During her campaign for the nomination, Williams refused to join Heenan in stating that healthcare is a right. She refused to endorse Medicare for All, Sen. Bernie Sanders’ single-payer plan. She denounced the National Rifle Association. And she urged women to vote for her as an act of gender solidarity, presenting herself as the reincarnation of Jeannette Rankin, the Republican who served two terms in the U.S. House many decades ago. It was a clever and successful primary election strategy.
In my judgment, Williams was the weakest general election candidate of all the Democratic U.S. House hopefuls. Her fundraising was anemic. Her shameless begging for gender identity votes reinforced the tribalism that is rending the Democratic Party asunder. Her attacks on the NRA, and proposals for stricter controls on firearms, will win the hearts of Democrats, but will chill the spines of firearms owning independent. And her repudiation of the principle that healthcare is a right will gladden the hearts of the fools who oppose single-payer health care.
Can she beat Gianforte on 6 November? If there’s a Democratic landslide that results in Democratic control of the U.S. House, she might win. Otherwise, I think she’ll lose with 40–45 percent of the vote.
John Heenan had the best chance of beating Gianforte, and was the only Democratic candidate to state that healthcare is a right and to say he’d vote for Medicare for All. But instead of nominating Heenan to take on Gianforte, Montana’s Democrats, by a weak plurality, decided it was more important to go down in flames with a candidate flying the flag of gender identity politics.
If gun control meant stopping Democrats from shooting themselves in the foot, I’d be all for it. But that’s not what it means. It also doesn’t mean controlling the sales of advanced weaponry to violent, brutal regimes like the House of Saud and the Apartheid state of Israel.
Over-extending imperial ambition is one of the main factors that led to the fall of the Soviet Union. Combine that with the fact every empire throughout history has collapsed, and the reality for America is it’s only a matter of time. Will Medicare and Social Security survive the downfall of American Empire? If the only force standing between Medicare and Social Security cuts is Democrats, then it’s doubtful.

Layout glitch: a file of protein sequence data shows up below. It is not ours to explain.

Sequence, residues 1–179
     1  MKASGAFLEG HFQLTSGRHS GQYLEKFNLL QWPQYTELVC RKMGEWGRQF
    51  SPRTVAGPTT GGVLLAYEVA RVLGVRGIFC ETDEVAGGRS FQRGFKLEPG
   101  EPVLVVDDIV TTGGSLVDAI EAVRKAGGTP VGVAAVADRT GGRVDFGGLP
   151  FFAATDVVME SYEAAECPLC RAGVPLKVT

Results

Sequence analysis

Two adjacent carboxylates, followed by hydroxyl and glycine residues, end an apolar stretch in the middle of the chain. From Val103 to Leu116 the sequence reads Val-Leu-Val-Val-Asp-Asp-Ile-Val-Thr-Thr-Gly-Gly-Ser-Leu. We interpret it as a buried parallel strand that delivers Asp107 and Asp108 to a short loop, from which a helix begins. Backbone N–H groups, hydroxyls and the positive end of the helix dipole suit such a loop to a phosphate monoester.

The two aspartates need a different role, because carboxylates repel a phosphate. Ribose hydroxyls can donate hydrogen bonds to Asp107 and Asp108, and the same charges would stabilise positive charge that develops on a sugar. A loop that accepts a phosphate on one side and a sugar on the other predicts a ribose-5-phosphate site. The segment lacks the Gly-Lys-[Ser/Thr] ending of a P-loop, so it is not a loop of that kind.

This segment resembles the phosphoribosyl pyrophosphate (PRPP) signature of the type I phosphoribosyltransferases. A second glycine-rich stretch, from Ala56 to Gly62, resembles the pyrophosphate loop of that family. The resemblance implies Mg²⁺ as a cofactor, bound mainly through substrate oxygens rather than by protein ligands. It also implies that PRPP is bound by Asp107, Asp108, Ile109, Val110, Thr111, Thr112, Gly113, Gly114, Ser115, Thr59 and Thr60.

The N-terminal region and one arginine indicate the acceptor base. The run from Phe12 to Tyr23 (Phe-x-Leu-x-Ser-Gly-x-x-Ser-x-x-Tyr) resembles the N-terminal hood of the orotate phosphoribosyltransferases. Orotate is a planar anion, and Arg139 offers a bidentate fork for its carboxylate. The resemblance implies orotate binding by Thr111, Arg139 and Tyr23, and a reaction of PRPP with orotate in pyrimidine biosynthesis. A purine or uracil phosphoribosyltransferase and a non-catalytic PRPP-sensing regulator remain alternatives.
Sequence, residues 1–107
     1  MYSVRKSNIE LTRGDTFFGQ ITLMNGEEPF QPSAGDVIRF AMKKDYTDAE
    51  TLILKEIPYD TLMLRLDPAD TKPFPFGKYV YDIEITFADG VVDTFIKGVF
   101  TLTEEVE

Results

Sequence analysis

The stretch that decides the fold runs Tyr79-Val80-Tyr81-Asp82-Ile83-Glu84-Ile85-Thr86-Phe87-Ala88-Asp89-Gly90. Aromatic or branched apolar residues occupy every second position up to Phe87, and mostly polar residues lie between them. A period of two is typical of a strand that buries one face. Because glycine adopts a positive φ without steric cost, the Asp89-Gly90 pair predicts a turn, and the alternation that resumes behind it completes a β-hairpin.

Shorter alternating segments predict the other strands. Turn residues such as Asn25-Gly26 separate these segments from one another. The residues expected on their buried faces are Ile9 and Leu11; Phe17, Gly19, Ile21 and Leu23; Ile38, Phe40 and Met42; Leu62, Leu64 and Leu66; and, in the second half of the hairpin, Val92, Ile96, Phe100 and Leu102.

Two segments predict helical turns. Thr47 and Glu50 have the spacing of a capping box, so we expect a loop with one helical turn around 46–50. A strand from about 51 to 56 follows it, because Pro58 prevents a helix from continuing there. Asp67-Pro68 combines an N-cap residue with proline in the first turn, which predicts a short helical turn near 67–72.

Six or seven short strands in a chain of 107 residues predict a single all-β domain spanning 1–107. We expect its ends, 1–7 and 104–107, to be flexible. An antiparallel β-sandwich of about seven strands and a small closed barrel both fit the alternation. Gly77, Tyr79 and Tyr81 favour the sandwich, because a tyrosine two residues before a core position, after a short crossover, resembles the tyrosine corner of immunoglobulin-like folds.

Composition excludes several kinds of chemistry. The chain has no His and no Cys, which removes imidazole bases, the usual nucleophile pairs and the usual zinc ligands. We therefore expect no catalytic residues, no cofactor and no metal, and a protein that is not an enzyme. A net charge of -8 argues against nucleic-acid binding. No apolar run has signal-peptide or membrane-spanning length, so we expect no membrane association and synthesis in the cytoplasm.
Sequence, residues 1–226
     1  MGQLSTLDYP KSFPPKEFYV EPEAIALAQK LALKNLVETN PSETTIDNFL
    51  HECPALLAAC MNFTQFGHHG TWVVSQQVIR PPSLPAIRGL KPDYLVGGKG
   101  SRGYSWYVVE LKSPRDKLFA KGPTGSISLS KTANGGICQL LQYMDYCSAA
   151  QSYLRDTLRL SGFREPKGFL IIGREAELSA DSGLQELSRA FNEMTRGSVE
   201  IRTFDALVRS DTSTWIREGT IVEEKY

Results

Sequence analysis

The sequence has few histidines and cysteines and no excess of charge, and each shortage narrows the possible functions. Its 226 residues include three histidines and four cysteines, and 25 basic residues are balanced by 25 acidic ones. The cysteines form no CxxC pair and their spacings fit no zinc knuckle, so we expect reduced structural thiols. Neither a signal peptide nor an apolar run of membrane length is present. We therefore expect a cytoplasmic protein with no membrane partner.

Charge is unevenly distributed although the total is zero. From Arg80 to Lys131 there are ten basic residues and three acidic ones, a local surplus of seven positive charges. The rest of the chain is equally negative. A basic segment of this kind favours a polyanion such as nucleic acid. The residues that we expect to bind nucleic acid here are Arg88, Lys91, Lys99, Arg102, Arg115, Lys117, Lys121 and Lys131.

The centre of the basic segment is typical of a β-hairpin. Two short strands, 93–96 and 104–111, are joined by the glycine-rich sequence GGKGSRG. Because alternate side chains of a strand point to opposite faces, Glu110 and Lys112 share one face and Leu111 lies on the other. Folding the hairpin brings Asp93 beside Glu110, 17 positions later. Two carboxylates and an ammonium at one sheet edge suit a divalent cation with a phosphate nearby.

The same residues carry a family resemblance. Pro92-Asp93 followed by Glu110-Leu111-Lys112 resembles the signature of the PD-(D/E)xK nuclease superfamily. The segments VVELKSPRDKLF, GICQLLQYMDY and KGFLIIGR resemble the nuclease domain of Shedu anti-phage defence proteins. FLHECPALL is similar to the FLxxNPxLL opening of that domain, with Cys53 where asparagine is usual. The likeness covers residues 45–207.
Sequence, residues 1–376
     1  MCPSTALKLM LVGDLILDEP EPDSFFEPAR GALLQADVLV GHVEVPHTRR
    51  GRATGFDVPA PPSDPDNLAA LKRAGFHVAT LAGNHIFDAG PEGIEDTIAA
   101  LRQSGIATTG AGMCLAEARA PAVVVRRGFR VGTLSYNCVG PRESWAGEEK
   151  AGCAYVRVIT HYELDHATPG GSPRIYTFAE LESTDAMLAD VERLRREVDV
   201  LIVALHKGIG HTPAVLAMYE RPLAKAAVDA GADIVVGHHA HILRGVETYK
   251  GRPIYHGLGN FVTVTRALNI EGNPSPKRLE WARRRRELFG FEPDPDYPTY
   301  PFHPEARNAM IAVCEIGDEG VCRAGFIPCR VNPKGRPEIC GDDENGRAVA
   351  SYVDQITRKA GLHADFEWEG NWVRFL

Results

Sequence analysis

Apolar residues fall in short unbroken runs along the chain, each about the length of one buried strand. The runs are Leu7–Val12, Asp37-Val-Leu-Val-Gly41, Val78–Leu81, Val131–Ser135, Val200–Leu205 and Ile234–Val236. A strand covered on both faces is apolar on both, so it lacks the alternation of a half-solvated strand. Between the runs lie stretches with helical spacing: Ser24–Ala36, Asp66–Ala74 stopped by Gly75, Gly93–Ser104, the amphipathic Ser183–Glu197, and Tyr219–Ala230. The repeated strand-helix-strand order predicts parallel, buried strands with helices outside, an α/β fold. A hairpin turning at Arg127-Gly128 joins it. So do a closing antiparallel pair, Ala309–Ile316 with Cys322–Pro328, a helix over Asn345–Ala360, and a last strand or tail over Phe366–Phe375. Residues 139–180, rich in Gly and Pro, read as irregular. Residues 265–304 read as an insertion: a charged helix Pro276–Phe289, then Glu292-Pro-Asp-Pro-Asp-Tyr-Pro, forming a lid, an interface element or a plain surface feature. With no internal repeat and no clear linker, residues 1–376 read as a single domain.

If you doubt my pessimism, you probably don’t remember that it was Obama who offered to put Social Security and Medicare on the chopping block of Empire in 2011 as part of a grand neoliberal deal with Republicans. From the Washington Post:
President Obama is pressing congressional leaders to consider a far-reaching debt-reduction plan that would force Democrats to accept major changes to Social Security and Medicare in exchange for Republican support for fresh tax revenue.
At a meeting with top House and Senate leaders set for Thursday morning, Obama plans to argue that a rare consensus has emerged about the size and scope of the nation’s budget problems and that policymakers should seize the moment to take dramatic action.
As part of his pitch, Obama is proposing significant reductions in Medicare spending and for the first time is offering to tackle the rising cost of Social Security, according to people in both parties with knowledge of the proposal. The move marks a major shift for the White House and could present a direct challenge to Democratic lawmakers who have vowed to protect health and retirement benefits from the assault on government spending.
This country is in serious trouble, yet our political class has become too calcified with corporate cash and hollow virtue signaling to deal with the rot at the core of our national malaise.
For aging Boomers who thought selling out and cashing in would mean a nice retirement one day, I’m sure the Trumpian phase of America’s decline has been an especially difficult shock to the system to absorb.
But the system needed a shock, and now we have a choice: keep going in the same direction, or change course.